As for former President Trump, one wants to be gracious as a man leaves—but what was departing was a national trauma.

His goodbye rally at Joint Base Andrews was intended to show the spirited and temporary receding of a titanic force. It didn’t. His remarks were wan and offhand, and the White House had to scramble to get people to come. His last words in public as president: “Have a good life. We will see you soon.” Then he flew off to Xanadu.

Shortly after, the alt-right group Proud Boys disowned him as a “total failure,” and QAnon message boards lit up. They had believed in “the plan,” when that conspiracy was always fantastical and bizarre. Now they were concussed. Mr. Trump was gone. Were we played? Yes, you were played. Now get offline and go find your life.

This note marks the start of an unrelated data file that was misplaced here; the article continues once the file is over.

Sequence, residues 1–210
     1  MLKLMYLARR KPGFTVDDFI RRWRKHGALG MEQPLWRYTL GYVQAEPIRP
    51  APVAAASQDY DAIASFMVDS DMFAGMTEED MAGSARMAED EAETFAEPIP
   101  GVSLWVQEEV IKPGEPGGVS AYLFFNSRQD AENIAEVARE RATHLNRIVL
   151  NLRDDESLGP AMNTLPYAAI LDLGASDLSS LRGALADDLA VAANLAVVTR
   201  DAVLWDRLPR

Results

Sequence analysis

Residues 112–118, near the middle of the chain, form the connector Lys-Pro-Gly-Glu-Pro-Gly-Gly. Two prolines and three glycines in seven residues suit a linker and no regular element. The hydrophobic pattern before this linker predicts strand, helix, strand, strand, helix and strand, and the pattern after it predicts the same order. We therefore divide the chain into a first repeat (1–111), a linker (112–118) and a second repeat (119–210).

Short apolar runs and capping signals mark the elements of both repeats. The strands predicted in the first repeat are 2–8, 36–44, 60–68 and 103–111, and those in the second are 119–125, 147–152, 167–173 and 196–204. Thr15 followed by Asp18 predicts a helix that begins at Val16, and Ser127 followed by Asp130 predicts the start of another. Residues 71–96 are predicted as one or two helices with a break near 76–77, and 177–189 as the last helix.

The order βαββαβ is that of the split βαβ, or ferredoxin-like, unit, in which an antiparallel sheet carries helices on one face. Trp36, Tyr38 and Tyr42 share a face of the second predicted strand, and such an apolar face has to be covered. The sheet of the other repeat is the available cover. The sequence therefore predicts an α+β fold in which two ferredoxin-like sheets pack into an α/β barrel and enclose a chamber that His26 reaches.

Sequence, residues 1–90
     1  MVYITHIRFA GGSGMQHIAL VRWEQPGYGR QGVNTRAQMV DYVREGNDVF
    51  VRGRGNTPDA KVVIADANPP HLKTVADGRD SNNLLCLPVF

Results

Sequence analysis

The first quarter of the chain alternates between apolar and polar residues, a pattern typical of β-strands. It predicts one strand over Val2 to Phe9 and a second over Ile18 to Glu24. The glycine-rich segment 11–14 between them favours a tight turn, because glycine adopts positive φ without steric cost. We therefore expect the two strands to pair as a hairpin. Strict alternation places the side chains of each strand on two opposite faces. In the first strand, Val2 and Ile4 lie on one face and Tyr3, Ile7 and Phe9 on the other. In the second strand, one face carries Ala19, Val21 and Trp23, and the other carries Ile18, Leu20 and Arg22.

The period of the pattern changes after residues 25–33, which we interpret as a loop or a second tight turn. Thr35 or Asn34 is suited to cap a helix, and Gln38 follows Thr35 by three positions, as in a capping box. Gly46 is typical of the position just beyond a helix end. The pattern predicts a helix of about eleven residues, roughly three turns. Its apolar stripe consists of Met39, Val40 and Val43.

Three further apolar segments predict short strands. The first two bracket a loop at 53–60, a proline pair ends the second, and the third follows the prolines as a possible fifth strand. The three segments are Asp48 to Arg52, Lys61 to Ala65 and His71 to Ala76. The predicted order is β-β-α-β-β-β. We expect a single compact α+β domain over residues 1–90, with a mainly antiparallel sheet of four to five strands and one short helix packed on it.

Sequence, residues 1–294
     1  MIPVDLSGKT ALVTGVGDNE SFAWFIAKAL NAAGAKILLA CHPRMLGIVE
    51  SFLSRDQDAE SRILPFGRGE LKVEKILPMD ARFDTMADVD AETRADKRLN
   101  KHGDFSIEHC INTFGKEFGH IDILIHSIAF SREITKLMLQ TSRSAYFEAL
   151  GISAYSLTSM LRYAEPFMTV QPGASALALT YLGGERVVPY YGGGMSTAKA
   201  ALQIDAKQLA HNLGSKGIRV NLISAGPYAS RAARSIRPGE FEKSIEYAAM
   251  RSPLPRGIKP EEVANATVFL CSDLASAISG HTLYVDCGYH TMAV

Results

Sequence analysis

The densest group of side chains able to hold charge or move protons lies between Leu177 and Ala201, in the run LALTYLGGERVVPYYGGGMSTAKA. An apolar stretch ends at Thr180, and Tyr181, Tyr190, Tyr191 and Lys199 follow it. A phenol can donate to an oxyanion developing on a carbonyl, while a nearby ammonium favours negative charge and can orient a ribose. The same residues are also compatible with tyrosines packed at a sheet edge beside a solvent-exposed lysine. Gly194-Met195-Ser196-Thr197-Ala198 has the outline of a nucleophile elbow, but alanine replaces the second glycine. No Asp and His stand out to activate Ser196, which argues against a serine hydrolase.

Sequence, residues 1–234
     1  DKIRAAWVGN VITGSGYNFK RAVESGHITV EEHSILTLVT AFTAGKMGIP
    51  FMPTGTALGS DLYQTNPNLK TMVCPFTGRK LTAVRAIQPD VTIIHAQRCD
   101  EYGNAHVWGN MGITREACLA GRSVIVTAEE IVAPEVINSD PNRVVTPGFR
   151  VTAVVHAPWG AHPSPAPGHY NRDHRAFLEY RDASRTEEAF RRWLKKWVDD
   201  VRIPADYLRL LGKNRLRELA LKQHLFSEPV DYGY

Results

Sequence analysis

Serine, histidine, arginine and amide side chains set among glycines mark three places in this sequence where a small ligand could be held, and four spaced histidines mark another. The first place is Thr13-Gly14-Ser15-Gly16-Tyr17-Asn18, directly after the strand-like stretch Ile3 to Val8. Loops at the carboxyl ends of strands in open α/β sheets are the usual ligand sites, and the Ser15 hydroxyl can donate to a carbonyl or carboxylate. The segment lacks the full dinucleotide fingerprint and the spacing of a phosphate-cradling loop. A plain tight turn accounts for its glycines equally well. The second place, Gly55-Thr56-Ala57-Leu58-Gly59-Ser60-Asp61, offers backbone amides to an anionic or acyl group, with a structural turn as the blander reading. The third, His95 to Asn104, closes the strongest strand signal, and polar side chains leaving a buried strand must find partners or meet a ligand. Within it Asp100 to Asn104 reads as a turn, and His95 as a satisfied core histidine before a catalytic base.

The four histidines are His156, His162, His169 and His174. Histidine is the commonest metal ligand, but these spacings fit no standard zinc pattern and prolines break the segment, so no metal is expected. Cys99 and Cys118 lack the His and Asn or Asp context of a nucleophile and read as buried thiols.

A final thought on Mr. Trump. It is one thing to come into the presidency with no particular class or dignity, as a person who knows “the price of everything and the value of nothing.” It is another and almost an achievement to leave the presidency like that—to have been untouched by the grandeur, unchanged by the stature and history of the office. None of it rubbed off and improved him. His supporters see this as proof of his authenticity, of his irreducible Trumpness. It is not. It is proof not that he couldn’t be reduced but that he couldn’t be enlarged.